ComputerWorld magazine’s wage survey was listed as the source of the fourth-lowest prevailing wage claims. However, ComputerWorld could not verify any of the prevailing wage claims on the LCAs in the database that listed them as the source. They also observed that the wages reported in their survey were "consistently higher" than wage claims made on LCAs. This suggests that DOL should make some effort to verify employer claims, as some may be deliberately providing bogus information on LCAs.
The preparation of this report involved many weeks of examining LCA data. While outside the scope of this report, a number of questionable patterns were found. Some of those patterns involving computer occupations are listed here in the hope that other researchers might investigate them.
- Many employer addresses listed on LCAs are not bona fide business addresses. These include residences and mail drops.
- The number of LCAs filed for certain states suggests that the number of H-1B workers exceeds the number of jobs. For example, the number of LCAs filed for New Jersey suggests that the number of H-1B programmers that are supposed to be working in the state greatly exceeds the number of programming jobs created in the state.
- Some groups of LCAs contain identical data except for the employer contact information. One such group had five employers, three of which listed a residence as the business address.
- Wages for computer programming managers were also significantly below the median for U.S. workers in those occupations.
These findings indicate that if there is any correlation between wages and skills, it is clear that the H-1B program is rarely being used to import "highly skilled" computer programming workers. The newly available data on skills suggest one of two things is happening, neither of which is consistent with the claims of employers pushing for the expansion of the program. Either the H-1B program is used primarily to import relatively less-skilled, entry-level, or trainee workers (and thus is of dubious value to the American economy), or employers are lying about these workers’ skills in order to suppress their wages.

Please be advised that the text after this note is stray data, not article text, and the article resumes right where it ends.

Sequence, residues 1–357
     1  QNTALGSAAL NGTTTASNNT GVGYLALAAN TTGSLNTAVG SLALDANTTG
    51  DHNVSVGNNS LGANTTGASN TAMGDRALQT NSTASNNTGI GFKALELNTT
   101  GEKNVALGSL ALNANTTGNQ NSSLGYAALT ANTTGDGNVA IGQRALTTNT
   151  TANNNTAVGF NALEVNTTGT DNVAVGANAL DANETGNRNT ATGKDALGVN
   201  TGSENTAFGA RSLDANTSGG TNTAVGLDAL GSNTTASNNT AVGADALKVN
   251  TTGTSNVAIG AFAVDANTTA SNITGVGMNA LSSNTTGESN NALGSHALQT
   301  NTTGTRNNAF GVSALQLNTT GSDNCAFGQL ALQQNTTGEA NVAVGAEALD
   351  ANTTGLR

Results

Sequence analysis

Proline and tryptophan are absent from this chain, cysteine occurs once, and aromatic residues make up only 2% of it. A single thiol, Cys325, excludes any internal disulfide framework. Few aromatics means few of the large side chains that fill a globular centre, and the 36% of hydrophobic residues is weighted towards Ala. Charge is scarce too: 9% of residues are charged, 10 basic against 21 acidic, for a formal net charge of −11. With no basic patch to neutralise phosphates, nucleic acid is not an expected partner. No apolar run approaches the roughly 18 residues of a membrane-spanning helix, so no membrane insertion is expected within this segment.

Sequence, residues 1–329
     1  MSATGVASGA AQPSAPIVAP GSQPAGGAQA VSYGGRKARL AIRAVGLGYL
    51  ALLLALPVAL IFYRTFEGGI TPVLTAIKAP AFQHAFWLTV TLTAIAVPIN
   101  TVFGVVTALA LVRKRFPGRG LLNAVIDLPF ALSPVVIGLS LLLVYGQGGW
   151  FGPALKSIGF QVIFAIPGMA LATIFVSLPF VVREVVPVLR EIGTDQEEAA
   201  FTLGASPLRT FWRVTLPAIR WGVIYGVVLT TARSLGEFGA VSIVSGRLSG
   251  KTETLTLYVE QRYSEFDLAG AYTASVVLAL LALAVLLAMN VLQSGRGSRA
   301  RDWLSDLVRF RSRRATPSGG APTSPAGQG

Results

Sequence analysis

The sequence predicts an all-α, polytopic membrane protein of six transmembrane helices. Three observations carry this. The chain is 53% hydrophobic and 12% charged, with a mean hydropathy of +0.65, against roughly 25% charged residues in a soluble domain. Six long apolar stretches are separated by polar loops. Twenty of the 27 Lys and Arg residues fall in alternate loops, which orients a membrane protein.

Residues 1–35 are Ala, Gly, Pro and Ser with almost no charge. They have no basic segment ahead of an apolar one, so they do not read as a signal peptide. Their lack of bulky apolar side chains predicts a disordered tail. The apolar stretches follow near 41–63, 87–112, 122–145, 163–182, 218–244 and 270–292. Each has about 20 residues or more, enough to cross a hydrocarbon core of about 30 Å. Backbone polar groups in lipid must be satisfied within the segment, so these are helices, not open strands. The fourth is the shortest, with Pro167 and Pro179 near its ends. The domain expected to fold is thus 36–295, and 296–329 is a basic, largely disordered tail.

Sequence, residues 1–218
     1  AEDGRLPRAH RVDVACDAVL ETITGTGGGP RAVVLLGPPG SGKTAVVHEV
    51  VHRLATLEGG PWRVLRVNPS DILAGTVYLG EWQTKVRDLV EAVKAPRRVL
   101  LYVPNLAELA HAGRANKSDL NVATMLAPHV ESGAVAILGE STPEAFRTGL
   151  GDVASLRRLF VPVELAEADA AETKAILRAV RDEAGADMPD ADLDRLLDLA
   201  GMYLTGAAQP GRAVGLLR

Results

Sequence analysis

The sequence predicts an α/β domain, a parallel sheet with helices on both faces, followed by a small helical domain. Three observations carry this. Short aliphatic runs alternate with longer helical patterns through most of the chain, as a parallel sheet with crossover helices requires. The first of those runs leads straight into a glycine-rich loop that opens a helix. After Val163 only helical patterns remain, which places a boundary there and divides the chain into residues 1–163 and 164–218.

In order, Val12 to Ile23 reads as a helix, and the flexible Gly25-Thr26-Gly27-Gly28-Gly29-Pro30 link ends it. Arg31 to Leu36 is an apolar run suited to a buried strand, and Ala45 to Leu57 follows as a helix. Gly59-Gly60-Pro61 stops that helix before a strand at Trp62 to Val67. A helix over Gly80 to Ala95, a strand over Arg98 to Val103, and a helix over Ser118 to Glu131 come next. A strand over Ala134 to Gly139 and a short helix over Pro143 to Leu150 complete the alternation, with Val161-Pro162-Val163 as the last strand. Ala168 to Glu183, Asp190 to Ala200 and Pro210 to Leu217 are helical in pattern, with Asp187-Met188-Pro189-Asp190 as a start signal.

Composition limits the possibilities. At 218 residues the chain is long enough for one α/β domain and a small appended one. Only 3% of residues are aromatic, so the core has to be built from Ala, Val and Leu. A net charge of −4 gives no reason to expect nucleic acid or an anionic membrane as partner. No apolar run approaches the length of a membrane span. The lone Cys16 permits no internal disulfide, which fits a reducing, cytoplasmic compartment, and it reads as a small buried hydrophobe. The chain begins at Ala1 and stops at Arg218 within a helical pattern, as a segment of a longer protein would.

While the wage data suggest that a few employers use the H-1B program to import a small number of highly skilled workers, these are exceptional cases. Overwhelmingly, the H-1B program is used to import workers at the very bottom of the computer programming wage scale.
Many in the information technology industry have called for an increase in the number of H-1B visas available. However, given the very few H-1B workers earning salaries that highly skilled workers in their profession would make and the fact that employers classify most H-1B workers at low skill levels, this report concludes that the existing number of visas is more than ample for the nation’s needs. Contrary to industry claims, the perennial exhaustion of the H-1B visas due to the cap more likely reflects widespread preference for lower-paid workers and lax enforcement of program rules, not an insufficient supply of visas to meet a deficit of highly-skilled U.S. workers.
The following specific reforms are needed to correct the flawed prevailing wage provisions of the H-1B
- Limit the number of H-1B visas that an employer can obtain each year based on the size of its U.S. workforce.
- Require employers to have a bona fide business office. Applications from residences and drop boxes should not be not be approved.
- Compel employers to use a standard wage source produced by the federal government when making prevailing wage claims for LCAs. This report has shown that employer prevailing wage claims are much lower than the actual prevailing wages, and that some employers make mistakes or deliberately provide bogus prevailing wage claims.
- Oblige employers to pay H-1B workers at the 75th percentile of the pay scale, rather than at the prevailing wage. This would provide a strong incentive for employers to use the H-1B program for highly-skilled and needed workers.